The sulfated heparin (0.20 g) was dissolved in sodium acetate buffer (5 ml) (0.05 M sodium acetate, 0.2 M sodium chloride, pH 5.0). Sodium periodate (214 mg, 1 mmol) dissolved in the sodium acetate buffer (5 ml) was added and kept at +8° C. for one day. Ethylene glycol (0.5 ml) was added and the mixture was left at room temperature for a few hours, then the solution was desalted by ultrafiltration. The periodate oxidized heparin was dissolved in 0.1 M sodium hydroxide and left at room temperature for 2 hours and then reduced by sodium borohydride (14 mg). Excess sodium borohydride was decomposed by acetic acid (0.2 ml). This solution was fractionated by ion exchange chromatography on a DEAE-Sepharose column. A fraction which eluted between 0.7 M and 2 M sodium chloride was collected and further fractionated by ultrafiltration using a membrane with cutoff 10000 Da (Amicon YM10). The retentate was freeze-dried, yield 100 mg. By elemental analysis S was 13.8%.

Chemical and Bioloaical Tests

Molecular Weight Distribution.

FIG. 1 shows the molecular weight distribution on gel permeation chromatography by HPLC. (according to Sudhalter J et al, (1989) J. Biol. Chem, 264, 6892-6897) after chemical treatment and fractionation of heparin produced from bovine lung according to the claimed process.

When clinically used heparin produced from bovine lung (curve 1 in FIG. 1) was oxidized with periodate at pH 4-5 a distribution according to curve 2 in FIG. 1 was obtained. After treatment by strong base to effect depolymerization followed by reduction by sodium borohydride a product was obtained which unexpectedly showed a very minor shift in the molecular weight distribution (curve 3 in FIG. 1) compared to the starting bovine lung heparin (curve 1 in FIG. 1 ). In contrast to that, a product obtained from porcine heparin according to the same procedure showed a considerable shift in molecular weight distribution, compare curve 5 with curve 3 in FIG. 2. The shift to lower molecular weight seen in curve 5 was similar to the decrease in molecular weight distribution shown in EPO 287 477 which describes low molecular weight heparin.

FIG. 3 shows the molecular weight distribution on gel permeation chromatography by HPLC. (according to Sudhalter J et al, (1989) J. Biol. Chem, 264, 6892-6897) after chemical treatment and fractionation of heparin produced from porcine intestinal mucosa according to the claimed process for porcine heparin. When clinically used heparin produced from porcine intestinal mucosa (curve 6 in FIG. 3) sulfated, periodate oxidized, depolymerized by sodium hydroxide and reduced by sodium borohydride a distribution according to curve 7 in FIG. 3 was obtained. After treatment by strong base to effect depolymerization followed by reduction by sodium borohydride a product was obtained which unexpectedly showed a very minor shift in the molecular weight distribution (curve 8 in FIG. 3) compared to the starting heparin produced from porcine intestinal mucosa (curve 6 in FIG. 3).

This clearly shows that different products unexpectedly were obtained when clinical heparins from different species are used as starting material for the same procedure of periodate oxidation and alkaline depolymerization.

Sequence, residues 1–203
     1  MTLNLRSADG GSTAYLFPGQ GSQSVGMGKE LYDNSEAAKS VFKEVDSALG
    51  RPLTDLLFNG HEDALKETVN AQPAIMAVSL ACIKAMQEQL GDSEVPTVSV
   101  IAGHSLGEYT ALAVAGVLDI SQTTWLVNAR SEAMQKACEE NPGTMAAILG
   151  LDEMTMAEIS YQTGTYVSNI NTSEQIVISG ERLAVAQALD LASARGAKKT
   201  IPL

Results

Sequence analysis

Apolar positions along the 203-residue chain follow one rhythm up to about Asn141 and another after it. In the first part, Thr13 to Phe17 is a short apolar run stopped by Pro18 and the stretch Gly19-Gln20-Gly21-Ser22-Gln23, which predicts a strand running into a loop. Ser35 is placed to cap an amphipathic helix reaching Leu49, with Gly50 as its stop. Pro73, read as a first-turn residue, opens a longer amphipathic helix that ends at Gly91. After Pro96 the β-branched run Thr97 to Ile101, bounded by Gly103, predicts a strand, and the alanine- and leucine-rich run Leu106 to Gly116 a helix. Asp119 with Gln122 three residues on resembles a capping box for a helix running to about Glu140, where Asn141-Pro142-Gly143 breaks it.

The product shown in curve 3 in FIG. 1 was further subjected to fractionation according to example 1 to give a new product of molecular weight distribution shown in curve 4 in FIG. 1 Other methods of fractionation to give the novel heparins of the invention are described in examples 2 and 3.

Determination of the Anti-factor IIa Potentiating Activity.

The anti-factor IIa potentiating activity of the new heparin derivatives was determined in a system in which it forms a complex with antithrombin. The antithrombin-heparin derivative mixture was incubated at 37° C. with factor II for 1 minute. An amount of factor IIa is neutralized by the antithrombin-heparin derivative complex in proportion to the concentration of the heparin derivative. The remaining factor IIa-activity was measured using the chromogenic substrate S-2238 (H-D-Phe-Pip-Arg-pNA). The rate of pNA formed was compared to the rate of pNA formed using the 4th International standard for heparin.

Testing of Anticoagulant Activity in Animal

The novel heparin derivatives were administered at 10 mg/kg to two Beagle dogs. Solutions (0.2 ml/kg) in saline were made and injected subcutaneously in the neck of the dog. Blood samples of 5 ml were collected using Venoject® containing 0.5 ml of 0.13 M sodium citrate. Four blood samples were drawn during the first hour of the experiment followed by one sample every hour up to 9 hours. The blood samples were kept at room temperature for 10 minutes, centrifuged for the separation of the plasma, which was immediately taken for the APTT analysis. Remaining plasma was kept frozen at −20° C. until analysis of anti-FXa activity. The anti-FXa was performed according to Bergkvist D., Hedner U., Sjödin E. and Holmer E. (1983) Thromb. Res. 32 381-391. The APTT assay was performed according to Teien, A. N. and Lie, M. (1975) Thromb. Res. 7 777-778. The results for heparin derivative 1 in the anti-FXa and APTT assays are seen in FIGS. 4 and 5 respectively. Anti-FXa activity could be measured in the blood plasma of the dog from about one hour after injection. This activity did not show any decrease after 9 hours which is shown in FIG. 4. Also a prolongation of the APTT activity was still present after 9 hours (see FIG. 5).